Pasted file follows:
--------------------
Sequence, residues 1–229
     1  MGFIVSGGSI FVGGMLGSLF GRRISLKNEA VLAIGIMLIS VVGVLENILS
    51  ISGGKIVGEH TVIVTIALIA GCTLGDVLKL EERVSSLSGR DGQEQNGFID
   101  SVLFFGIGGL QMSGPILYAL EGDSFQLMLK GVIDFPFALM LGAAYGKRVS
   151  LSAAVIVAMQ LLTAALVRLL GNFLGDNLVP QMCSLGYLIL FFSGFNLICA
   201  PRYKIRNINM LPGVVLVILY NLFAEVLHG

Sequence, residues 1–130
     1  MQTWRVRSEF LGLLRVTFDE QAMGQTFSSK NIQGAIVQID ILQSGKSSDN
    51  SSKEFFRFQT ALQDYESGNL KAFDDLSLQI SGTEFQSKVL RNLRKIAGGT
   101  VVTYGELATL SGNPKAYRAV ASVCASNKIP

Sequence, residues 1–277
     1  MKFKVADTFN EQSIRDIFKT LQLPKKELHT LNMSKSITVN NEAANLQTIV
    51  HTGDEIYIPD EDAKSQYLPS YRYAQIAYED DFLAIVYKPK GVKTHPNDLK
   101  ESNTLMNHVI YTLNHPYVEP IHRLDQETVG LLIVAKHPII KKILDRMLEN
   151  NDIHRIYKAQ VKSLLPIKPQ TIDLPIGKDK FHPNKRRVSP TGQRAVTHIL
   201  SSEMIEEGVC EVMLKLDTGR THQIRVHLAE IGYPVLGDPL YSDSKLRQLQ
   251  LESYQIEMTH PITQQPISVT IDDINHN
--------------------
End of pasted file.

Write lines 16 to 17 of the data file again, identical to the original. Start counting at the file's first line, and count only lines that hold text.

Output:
   201  SSEMIEEGVC EVMLKLDTGR THQIRVHLAE IGYPVLGDPL YSDSKLRQLQ
   251  LESYQIEMTH PITQQPISVT IDDINHN